In changelog of Python 3.6 (https://docs.python.org/3.6/whatsnew/3.6.html#whatsnew36-compactdict):

The order-preserving aspect of this new implementation is considered
an implementation detail and should not be relied upon (this may
change in the future, but it is desired to have this new dict
implementation in the language for a few releases before changing the
language spec to mandate order-preserving semantics for all current
and future Python implementations; this also helps preserve
backward-compatibility with older versions of the language where
random iteration order is still in effect, e.g. Python 3.5).

In the document of Python 3.7 (https://docs.python.org/3.7/tutorial/datastructures.html#dictionaries):

Performing list(d) on a dictionary returns a list of all the keys used
in the dictionary, in insertion order (if you want it sorted, just use

So unlike previous versions, you can sort a dict after Python 3.6/3.7. If you want to sort a nested dict including the sub-dict inside, you can do:

``````test_dict = {'a': 1, 'c': 3, 'b': {'b2': 2, 'b1': 1}}

def dict_reorder(item):
return {k: dict_reoder(v) if isinstance(v, dict) else v for k, v in sorted(item.items())}

reordered_dict = dict_reorder(test_dict)
``````

https://gist.github.com/ligyxy/f60f0374defc383aa098d44cfbd318eb

You can create a new dictionary by sorting the current dictionary by key as per your question.

``````d = {2:3, 1:89, 4:5, 3:0}
``````

Create a new dictionary d1 by sorting this d using lambda function

``````d1 = dict(sorted(d.items(), key = lambda x:x[0]))
``````

d1 should be {1: 89, 2: 3, 3: 0, 4: 5}, sorted based on keys in d.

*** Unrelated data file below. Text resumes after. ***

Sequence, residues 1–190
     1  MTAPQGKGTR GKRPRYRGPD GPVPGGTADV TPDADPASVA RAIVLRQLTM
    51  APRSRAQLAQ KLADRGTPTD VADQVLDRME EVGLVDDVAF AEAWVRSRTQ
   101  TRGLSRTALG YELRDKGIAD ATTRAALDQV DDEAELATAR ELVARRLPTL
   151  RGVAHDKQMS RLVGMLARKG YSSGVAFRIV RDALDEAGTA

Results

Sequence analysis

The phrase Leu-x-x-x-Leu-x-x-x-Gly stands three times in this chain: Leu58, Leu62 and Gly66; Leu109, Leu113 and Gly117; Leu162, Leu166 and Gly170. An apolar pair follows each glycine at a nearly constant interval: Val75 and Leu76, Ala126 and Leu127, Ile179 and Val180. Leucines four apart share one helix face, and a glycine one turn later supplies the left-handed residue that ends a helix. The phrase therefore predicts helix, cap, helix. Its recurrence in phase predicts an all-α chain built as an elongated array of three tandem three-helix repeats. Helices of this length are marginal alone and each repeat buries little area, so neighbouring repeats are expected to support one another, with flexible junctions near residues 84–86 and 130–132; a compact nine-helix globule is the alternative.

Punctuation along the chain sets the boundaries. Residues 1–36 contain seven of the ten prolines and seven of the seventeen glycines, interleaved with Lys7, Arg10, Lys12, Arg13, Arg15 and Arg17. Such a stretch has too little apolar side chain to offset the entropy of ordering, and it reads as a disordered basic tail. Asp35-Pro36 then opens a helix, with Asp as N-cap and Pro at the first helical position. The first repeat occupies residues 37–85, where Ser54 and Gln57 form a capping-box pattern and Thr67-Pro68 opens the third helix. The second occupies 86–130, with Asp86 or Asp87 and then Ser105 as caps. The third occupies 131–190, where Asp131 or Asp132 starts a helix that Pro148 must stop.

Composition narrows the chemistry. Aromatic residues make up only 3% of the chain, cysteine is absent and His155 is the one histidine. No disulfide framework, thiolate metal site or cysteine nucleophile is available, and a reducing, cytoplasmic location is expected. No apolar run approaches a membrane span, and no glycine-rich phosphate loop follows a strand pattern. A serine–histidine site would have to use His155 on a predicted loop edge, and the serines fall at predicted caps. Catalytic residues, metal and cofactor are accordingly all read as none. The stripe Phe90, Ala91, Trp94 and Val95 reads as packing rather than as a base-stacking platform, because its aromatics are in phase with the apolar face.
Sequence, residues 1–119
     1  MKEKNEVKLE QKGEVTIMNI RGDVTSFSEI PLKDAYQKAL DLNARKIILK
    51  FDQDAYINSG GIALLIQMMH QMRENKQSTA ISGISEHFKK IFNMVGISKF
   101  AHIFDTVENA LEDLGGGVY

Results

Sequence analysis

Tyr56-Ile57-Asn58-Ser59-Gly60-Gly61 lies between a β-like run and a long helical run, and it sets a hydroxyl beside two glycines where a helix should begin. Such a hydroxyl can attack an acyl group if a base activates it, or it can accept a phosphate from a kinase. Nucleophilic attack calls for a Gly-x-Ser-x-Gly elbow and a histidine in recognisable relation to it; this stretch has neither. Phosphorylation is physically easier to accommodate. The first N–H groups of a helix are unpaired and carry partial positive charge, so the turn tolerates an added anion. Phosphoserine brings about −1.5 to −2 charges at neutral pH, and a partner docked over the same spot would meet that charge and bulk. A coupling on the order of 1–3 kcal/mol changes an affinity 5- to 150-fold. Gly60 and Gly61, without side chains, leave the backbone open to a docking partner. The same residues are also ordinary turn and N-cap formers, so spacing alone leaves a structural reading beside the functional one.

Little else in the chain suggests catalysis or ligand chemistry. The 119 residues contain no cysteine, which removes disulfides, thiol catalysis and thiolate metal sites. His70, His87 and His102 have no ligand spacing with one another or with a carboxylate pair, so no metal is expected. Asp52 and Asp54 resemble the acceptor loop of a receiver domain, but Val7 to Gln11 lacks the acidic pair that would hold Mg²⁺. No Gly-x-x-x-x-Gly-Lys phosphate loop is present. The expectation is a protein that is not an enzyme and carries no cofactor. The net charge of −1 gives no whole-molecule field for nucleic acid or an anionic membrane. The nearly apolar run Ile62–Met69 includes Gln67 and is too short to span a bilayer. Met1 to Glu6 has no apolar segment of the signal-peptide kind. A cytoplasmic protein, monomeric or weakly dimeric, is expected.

Or use `pandas`,

Demo:

``````>>> d={'B':1,'A':2,'C':3}
>>> df=pd.DataFrame(d,index=[0]).sort_index(axis=1)
A  B  C
0  2  1  3
>>> df.to_dict('int')[0]
{'A': 2, 'B': 1, 'C': 3}
>>>
``````

See:

Docs of this

Documentation of whole pandas

I come up with single line dict sorting.

``````>> a = {2:3, 1:89, 4:5, 3:0}
>> c = {i:a[i] for i in sorted(a.keys())}
>> print(c)
{1: 89, 2: 3, 3: 0, 4: 5}
[Finished in 0.4s]
``````

This function will sort any dictionary recursively by its key. That is, if any value in the dictionary is also a dictionary, it too will be sorted by its key. If you are running on CPython 3.6 or greater, than a simple change to use a `dict` rather than an `OrderedDict` can be made.

``````from collections import OrderedDict

def sort_dict(d):
items = [[k, v] for k, v in sorted(d.items(), key=lambda x: x[0])]
for item in items:
if isinstance(item[1], dict):
item[1] = sort_dict(item[1])
return OrderedDict(items)
#return dict(items)
``````

An easy way to do this:

``````d = {2:3, 1:89, 4:5, 3:0}

s = {k : d[k] for k in sorted(d)}

s
``````
``````Out[1]: {1: 89, 2: 3, 3: 0, 4: 5}
``````

My suggestion is this as it allows you to sort a dict or keep a dict sorted as you are adding items and might need to add items in the future:

Build a `dict` from scratch as you go along. Have a second data structure, a list, with your list of keys. The bisect package has an insort function which allows inserting into a sorted list, or sort your list after completely populating your dict. Now, when you iterate over your dict, you instead iterate over the list to access each key in an in-order fashion without worrying about the representation of the dict structure (which was not made for sorting).